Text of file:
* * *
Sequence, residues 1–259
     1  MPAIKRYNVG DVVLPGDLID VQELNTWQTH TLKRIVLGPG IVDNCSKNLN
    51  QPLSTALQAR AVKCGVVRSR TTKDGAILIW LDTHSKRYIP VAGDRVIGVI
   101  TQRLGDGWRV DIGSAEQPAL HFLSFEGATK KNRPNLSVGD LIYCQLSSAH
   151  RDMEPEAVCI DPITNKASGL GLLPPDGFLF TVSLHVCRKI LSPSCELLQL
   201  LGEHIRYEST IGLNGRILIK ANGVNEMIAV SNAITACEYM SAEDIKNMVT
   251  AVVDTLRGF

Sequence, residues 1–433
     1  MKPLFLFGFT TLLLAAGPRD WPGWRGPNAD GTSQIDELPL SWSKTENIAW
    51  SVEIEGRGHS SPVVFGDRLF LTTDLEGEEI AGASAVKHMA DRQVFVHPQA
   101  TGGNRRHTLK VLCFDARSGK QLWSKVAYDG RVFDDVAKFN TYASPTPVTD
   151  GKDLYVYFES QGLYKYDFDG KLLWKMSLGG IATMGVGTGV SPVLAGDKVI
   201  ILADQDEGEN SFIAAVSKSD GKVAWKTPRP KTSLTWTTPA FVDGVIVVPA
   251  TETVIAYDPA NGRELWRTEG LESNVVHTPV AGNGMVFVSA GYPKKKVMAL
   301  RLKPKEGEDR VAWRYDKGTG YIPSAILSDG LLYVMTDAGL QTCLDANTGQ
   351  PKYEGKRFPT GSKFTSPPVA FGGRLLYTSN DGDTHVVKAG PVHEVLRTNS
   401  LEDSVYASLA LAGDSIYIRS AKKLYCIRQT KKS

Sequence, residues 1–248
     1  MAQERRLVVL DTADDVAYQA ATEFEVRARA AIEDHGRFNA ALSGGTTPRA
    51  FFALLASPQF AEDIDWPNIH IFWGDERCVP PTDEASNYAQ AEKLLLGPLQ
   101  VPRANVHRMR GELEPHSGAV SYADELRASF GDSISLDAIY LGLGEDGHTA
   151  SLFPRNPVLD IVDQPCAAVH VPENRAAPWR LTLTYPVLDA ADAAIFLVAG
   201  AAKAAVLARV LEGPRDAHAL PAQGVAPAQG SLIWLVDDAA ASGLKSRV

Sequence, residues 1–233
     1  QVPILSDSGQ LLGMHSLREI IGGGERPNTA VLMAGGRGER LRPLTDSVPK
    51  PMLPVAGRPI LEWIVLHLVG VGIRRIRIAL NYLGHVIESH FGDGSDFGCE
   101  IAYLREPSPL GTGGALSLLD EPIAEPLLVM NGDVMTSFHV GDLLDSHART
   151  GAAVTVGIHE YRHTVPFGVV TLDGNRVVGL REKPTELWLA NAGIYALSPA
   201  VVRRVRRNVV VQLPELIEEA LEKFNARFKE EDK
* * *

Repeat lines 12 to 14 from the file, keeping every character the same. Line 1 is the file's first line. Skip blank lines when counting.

   151  GKDLYVYFES QGLYKYDFDG KLLWKMSLGG IATMGVGTGV SPVLAGDKVI
   201  ILADQDEGEN SFIAAVSKSD GKVAWKTPRP KTSLTWTTPA FVDGVIVVPA
   251  TETVIAYDPA NGRELWRTEG LESNVVHTPV AGNGMVFVSA GYPKKKVMAL